Summary appraisals of the Nation's ground-water resources; Hawaii region

Professional Paper 813-M




The water resources of the Hawaii Region, taken as a whole, are far greater than foreseeable future demands on them, but this is not so for the individual islands. Each and every island is independent with respect to water supply, and the occurrence and availability of water vary widely from island to island.

The ground-water resources offer better prospects for supplying additional water needs in the future than the surface-water resources. Most of the surface supplies that are easy to develop have been fully utilized where needed, and conduits and reservoirs necessary to develop new or additional supplies would generally require large and perhaps prohibitive outlays of capital. In 1975, ground water supplied 46 percent, and surface water 54 percent of the water needs but, in the years ahead, these percentages will likely be reversed as more ground-water development takes place. Total water use, in 1975, averaged about 1,775 million gallons per day, ofwhich about 810 million gallons per day was ground water. The total water use is divided into public supply, 11 percent; self-supplied industrial use, 23 percent; and agricultural, 66 percent.

Rainfall is the principal source of ground-water recharge. Local mean annual rainfall ranges from less than 20 inches to more than 300 inches, with the annual average rainfall on the large islands exposed to the trade winds being slightly more than 73 inches and that on the small islands situated in the rain shadow of the larger islands being less than 26 inches. Ground-water recharge has been estimated at about 2,400 billion gallons per year (6.5 billion gallons per day) or roughly 30 percent of the rainfall.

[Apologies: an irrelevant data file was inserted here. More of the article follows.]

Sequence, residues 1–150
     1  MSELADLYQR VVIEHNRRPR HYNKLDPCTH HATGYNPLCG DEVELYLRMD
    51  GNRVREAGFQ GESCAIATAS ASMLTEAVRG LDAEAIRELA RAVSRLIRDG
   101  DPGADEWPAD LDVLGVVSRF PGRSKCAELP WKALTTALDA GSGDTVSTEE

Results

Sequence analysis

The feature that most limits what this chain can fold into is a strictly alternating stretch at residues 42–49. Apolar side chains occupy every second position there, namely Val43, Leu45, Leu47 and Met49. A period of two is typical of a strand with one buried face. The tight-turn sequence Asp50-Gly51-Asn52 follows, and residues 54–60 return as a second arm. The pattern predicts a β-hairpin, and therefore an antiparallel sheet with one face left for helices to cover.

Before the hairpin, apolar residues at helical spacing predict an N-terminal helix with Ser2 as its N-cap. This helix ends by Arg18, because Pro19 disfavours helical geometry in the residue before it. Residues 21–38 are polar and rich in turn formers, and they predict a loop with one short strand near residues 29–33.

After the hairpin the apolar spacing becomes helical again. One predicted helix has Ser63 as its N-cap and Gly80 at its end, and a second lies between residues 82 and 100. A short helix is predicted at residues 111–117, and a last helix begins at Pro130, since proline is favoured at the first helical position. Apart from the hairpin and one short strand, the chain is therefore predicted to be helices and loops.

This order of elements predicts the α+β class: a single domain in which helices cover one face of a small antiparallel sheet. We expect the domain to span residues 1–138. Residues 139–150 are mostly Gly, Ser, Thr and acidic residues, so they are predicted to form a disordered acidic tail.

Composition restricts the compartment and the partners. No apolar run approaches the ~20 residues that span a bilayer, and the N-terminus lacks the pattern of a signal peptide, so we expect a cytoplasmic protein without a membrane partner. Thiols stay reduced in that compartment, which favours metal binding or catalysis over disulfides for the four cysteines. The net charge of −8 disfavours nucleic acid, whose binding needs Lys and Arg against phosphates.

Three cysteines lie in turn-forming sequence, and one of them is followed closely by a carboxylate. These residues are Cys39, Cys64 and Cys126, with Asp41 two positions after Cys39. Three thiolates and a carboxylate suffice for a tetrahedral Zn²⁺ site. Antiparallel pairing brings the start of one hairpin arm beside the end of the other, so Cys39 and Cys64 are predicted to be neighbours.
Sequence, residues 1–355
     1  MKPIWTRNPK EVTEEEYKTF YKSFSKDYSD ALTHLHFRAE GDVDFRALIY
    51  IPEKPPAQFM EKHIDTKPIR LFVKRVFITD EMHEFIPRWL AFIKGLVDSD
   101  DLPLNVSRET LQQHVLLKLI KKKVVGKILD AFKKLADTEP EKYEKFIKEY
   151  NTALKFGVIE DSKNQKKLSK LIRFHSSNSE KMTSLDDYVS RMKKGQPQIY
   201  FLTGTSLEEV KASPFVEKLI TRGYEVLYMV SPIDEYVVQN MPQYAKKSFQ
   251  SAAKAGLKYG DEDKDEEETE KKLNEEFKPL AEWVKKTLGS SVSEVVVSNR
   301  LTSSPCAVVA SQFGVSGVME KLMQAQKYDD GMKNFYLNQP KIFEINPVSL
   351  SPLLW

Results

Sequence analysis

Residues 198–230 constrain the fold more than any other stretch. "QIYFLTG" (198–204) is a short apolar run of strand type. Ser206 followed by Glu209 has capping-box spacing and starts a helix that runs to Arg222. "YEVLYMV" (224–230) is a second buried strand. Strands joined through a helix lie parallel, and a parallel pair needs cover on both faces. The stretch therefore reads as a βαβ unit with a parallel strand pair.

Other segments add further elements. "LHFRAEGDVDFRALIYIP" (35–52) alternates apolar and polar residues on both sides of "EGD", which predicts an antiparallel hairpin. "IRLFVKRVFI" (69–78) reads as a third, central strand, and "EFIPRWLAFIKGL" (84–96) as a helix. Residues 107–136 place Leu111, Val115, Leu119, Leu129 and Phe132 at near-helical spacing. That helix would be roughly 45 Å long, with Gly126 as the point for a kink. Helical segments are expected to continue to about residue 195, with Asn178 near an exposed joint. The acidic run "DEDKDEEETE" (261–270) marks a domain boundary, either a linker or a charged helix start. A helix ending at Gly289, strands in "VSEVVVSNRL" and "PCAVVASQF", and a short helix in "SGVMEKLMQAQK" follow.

Most fresh ground water in the region is stored below sea level in porous lava flows, much of it as basal-water lenses floating on saline ground water, as distinguished from dike-impounded water in the interior of the islands. The basal-water lens is maintained by recharge, which, if reduced, leads to thinning of the lens and subsequent encroachment of seawater. Seawater is the biggest pollutant of freshwater, and many of the ground-water problems are, in some way, associated with the encroachment of saline water induced by development.

The major problem areas include the entire island of Oahu, south Kohala-Kona coast on the island of Hawaii, Lahaina District in Maui, and the Koloa and Kekaha-Mana areas in Kauai.

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Summary appraisals of the Nation's ground-water resources; Hawaii region
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Professional Paper
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U.S. Government Printing Office
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Washington, D.C.
iv., 29 p.
United States
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